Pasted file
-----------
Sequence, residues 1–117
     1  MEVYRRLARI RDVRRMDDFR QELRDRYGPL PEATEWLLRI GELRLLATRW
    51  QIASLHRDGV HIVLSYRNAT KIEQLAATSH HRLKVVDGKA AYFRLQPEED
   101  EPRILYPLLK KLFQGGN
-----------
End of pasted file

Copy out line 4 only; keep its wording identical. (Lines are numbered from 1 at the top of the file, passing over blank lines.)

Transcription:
   101  EPRILYPLLK KLFQGGN